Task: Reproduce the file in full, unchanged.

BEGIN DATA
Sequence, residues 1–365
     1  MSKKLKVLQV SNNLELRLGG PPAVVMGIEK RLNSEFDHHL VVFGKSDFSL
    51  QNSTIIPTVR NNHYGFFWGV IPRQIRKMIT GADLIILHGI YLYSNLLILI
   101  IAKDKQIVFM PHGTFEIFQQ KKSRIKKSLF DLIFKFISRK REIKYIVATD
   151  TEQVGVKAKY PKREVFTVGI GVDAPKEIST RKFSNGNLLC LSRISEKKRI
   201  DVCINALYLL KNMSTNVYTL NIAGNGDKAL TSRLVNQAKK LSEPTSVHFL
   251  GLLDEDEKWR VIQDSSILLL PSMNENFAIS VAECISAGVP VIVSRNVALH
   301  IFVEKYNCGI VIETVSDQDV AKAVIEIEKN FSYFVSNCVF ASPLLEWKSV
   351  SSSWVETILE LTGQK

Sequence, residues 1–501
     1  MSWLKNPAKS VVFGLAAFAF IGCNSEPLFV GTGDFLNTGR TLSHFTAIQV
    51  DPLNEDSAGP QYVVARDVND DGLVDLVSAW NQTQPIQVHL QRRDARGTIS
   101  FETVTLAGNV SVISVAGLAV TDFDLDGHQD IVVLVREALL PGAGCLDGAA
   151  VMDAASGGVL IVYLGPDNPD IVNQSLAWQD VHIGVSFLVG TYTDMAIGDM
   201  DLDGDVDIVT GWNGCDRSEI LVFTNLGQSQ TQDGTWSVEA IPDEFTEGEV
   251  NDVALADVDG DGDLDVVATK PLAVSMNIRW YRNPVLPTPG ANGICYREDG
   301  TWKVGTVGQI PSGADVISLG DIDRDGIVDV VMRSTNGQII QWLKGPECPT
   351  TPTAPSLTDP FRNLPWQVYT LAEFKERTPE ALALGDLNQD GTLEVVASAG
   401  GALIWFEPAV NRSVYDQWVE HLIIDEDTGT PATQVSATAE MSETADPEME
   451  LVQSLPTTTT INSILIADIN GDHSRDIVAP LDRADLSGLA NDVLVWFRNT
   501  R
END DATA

Sequence, residues 1–365
     1  MSKKLKVLQV SNNLELRLGG PPAVVMGIEK RLNSEFDHHL VVFGKSDFSL
    51  QNSTIIPTVR NNHYGFFWGV IPRQIRKMIT GADLIILHGI YLYSNLLILI
   101  IAKDKQIVFM PHGTFEIFQQ KKSRIKKSLF DLIFKFISRK REIKYIVATD
   151  TEQVGVKAKY PKREVFTVGI GVDAPKEIST RKFSNGNLLC LSRISEKKRI
   201  DVCINALYLL KNMSTNVYTL NIAGNGDKAL TSRLVNQAKK LSEPTSVHFL
   251  GLLDEDEKWR VIQDSSILLL PSMNENFAIS VAECISAGVP VIVSRNVALH
   301  IFVEKYNCGI VIETVSDQDV AKAVIEIEKN FSYFVSNCVF ASPLLEWKSV
   351  SSSWVETILE LTGQK

Sequence, residues 1–501
     1  MSWLKNPAKS VVFGLAAFAF IGCNSEPLFV GTGDFLNTGR TLSHFTAIQV
    51  DPLNEDSAGP QYVVARDVND DGLVDLVSAW NQTQPIQVHL QRRDARGTIS
   101  FETVTLAGNV SVISVAGLAV TDFDLDGHQD IVVLVREALL PGAGCLDGAA
   151  VMDAASGGVL IVYLGPDNPD IVNQSLAWQD VHIGVSFLVG TYTDMAIGDM
   201  DLDGDVDIVT GWNGCDRSEI LVFTNLGQSQ TQDGTWSVEA IPDEFTEGEV
   251  NDVALADVDG DGDLDVVATK PLAVSMNIRW YRNPVLPTPG ANGICYREDG
   301  TWKVGTVGQI PSGADVISLG DIDRDGIVDV VMRSTNGQII QWLKGPECPT
   351  TPTAPSLTDP FRNLPWQVYT LAEFKERTPE ALALGDLNQD GTLEVVASAG
   401  GALIWFEPAV NRSVYDQWVE HLIIDEDTGT PATQVSATAE MSETADPEME
   451  LVQSLPTTTT INSILIADIN GDHSRDIVAP LDRADLSGLA NDVLVWFRNT
   501  R